A guide to Britain's super-flyweights

The rarest breed of British boxer is the super-flyweight. With only five men competing at the 8st 3lbs weight limit, it's little surprise that domestic campaigners often have to look outside their preferred weight division to land fights.
This problem was recently illustrated when current British champion Lee Haskins took a fight in Morocco at two weeks' notice. With few options available, what else could he do to get a world ranking?
Such brave moves are essential for our current crop of super-flyweights.Here's a guide to the five active fighters in the division...1. Lee Haskins W22 (KO 11) L2 (KO 2)There would appear to be little domestic competition for the unorthodox British champion. He landed the British title by defeating champion Andy Bell in 2008 on a close points decision before going on to upset the oddsmakers and wrestle the commonwealth belt (which he was later stripped of for his subsequent failure to defend it) from Don Broadhurst a year later. And it really was a wrestle. Time and again the awkward southpaw and orthodox stylist became entangled in what turned out to be a terrible advert for an increasingly moribund division.For his part, Haskins was able to use his superior strength and lateral movement to outhustle and ultimately baffle his opponent over the course of the fight.
Yet, Haskins is no spoiler. He's a heavy-handed super-flyweight a fact borne out by 11 victories inside the distance - but he's also a skilful boxer with a good repertoire of punches.
'The Playboy's' most recent win perfectly illustrated the full range of his abilities. Haskins outclassed Frenchman Mohamed Bouleghcha to land the WBA intercontinental title (up at bantamweight) in Morocco after accepting the fight at short notice. He forced the local favourite, who had never been knocked down, to take a couple of counts over the course of the twelve rounds. It's a victory which leaves the 27 year-old Bristolian ranked number 12 by the WBA.The two career defeats that Haskins suffered at bantamweight are now four years in the past, and his current rate of development suggests these were lessons learned rather than innate weaknesses set to be exposed again.
2. Don Broadhurst W11 (KO 3) L2 (KO 0)Though ranked as the second best super-flyweight in Britain, Broadhurst's career trajectory hastaken an alarming downward turn. It seems that Haskins not only dismantled the 27 year-old's rhythm and poise but also his confidence over the course of their drab 12 round encounter. After tasting defeat for the first time and losing his Commonwealth title - he moved up to bantamweight to face former Iraqi Olympian Najah Ali. Once again, Broadhurst lost a points decision in a fight he was expected to win.
Broadhurst has an impressive pedigree, winning the ABAs in 2005 and coming away with a commonwealth gold in 2006. However, that was in the amateur code. When inspecting his 11-fight professional record prior to the Haskins defeat, it's clear that he was relatively untested. Arguably, his toughest opponent was Ghanaian Isaac Quaye a man who himself had an inflated 10-3 record prior to their inaugural commonwealth title scrap.For Broadhurst to get back on track, he needs to develop a few rougher edges to complement his smooth boxing style and accept that cute boxing skills alone won't suffice.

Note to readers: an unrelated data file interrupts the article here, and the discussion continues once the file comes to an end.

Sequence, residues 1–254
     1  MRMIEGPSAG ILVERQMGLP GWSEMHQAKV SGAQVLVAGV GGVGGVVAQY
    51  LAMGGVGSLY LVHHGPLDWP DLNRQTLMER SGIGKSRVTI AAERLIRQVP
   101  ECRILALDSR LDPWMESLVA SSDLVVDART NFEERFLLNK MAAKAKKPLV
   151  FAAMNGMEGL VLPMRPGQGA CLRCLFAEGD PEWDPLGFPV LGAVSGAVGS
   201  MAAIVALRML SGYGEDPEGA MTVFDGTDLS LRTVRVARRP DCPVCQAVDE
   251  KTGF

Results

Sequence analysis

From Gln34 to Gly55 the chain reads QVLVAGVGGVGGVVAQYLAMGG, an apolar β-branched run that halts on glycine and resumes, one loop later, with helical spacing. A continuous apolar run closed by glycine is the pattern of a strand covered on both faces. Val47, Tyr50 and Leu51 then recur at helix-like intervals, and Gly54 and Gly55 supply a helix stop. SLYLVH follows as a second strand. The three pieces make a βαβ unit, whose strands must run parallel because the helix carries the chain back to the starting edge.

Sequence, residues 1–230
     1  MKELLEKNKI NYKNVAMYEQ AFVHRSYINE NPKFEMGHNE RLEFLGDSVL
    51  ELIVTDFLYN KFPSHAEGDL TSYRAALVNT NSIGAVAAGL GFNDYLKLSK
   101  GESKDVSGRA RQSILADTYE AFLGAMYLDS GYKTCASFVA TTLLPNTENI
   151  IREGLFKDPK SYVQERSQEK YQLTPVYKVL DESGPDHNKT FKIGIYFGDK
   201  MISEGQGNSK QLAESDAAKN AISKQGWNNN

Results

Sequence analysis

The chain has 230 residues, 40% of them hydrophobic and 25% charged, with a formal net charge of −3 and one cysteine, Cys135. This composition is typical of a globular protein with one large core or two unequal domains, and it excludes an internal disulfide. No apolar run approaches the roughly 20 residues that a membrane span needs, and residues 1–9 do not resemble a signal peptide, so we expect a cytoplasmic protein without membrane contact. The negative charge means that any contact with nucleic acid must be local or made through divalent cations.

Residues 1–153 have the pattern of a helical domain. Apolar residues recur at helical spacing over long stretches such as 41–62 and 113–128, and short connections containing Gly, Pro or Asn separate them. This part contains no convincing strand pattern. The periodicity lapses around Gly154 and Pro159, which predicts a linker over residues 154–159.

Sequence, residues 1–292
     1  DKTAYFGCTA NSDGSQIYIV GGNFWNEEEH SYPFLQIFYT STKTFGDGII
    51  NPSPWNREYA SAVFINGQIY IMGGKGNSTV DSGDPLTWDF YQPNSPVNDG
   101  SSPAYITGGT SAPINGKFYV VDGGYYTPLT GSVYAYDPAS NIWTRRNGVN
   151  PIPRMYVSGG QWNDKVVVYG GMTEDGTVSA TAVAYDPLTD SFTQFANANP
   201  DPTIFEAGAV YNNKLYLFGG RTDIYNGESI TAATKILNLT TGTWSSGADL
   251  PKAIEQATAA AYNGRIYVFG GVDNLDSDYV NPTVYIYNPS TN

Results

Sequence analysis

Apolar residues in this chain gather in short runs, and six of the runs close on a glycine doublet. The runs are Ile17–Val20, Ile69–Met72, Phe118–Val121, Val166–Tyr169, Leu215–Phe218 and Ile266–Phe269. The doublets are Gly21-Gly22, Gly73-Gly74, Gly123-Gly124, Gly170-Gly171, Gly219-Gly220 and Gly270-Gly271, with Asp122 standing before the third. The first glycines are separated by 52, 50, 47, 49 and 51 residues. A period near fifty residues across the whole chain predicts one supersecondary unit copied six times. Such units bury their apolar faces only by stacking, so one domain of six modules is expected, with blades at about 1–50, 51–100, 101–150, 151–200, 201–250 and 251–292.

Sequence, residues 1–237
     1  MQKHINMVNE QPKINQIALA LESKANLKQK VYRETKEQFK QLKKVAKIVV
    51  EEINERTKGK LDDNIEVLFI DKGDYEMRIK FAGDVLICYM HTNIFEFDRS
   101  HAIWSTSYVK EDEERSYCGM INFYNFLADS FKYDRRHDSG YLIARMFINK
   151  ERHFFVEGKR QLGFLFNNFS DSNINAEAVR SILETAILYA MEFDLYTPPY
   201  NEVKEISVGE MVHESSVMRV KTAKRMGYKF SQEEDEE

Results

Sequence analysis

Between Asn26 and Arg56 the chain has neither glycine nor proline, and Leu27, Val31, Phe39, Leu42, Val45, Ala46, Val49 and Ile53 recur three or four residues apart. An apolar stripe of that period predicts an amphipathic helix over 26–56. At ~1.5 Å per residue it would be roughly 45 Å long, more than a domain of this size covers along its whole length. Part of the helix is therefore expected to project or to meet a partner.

3. Jamie Conlan W7 (KO 4) L0 Belfast's Jamie Conlan made an impressive start to his professional career with five victories in the space of 13 months. That's no mean feat considering the lack of options at this level and suggests the 24 year-old has the hunger and ambition to maximise his potential. He's remained busy in 2011 with another points win over the ever-present Delroy Spencer and an impressive knockout victory over Kyle King. King had never been stopped.There has been talk of Conlon facing local rival Luke Wilton who currently campaigns at flyweight and you'd to have to fancy the bigger man if the fight is made. One possible concern for Conlan may be cosmetic: he has the pale thin-skinned features of a fighter liable to cut easily. If Haskins was to vacate the British title, a match-up with Broadhurst would be of real interest and on current form could go either way.
4. James Mulhern W3 (KO 0) L0James 'Where Are They Now?' Mulhern has been out of the ring for over a year and has only had three fights since turning professional in 2008. There have been reports that Mulhern's progress has been hampered by hand injuries, which is a shame because he has showed some early progress. Will we see the Coventry man make his annual appearance in the ring this year? Time is ticking...
5. Anwar Alfadli W1 (KO 0) L15 (KO 1) D2Though his record tells a miserable story of routine defeat, Alfadli is as tricky a customer as you would expect from someone fighting out of the Ingle stable. The fact that he has only been stopped once and has found himself on the wrong side of a few tight decisions bears this out. His loose switch-hitting style usually makes for interesting match-ups and offers an important learning experience for the young inexperienced prospects he routinely gets fed. It's easy to forget that he's only 23 himself.Next up, Alfadli pits his unorthodox stylings against Zhanat Zhakiyanov, a Kazakhstanian with an impressive14-1 resume. Can he pull off an upset?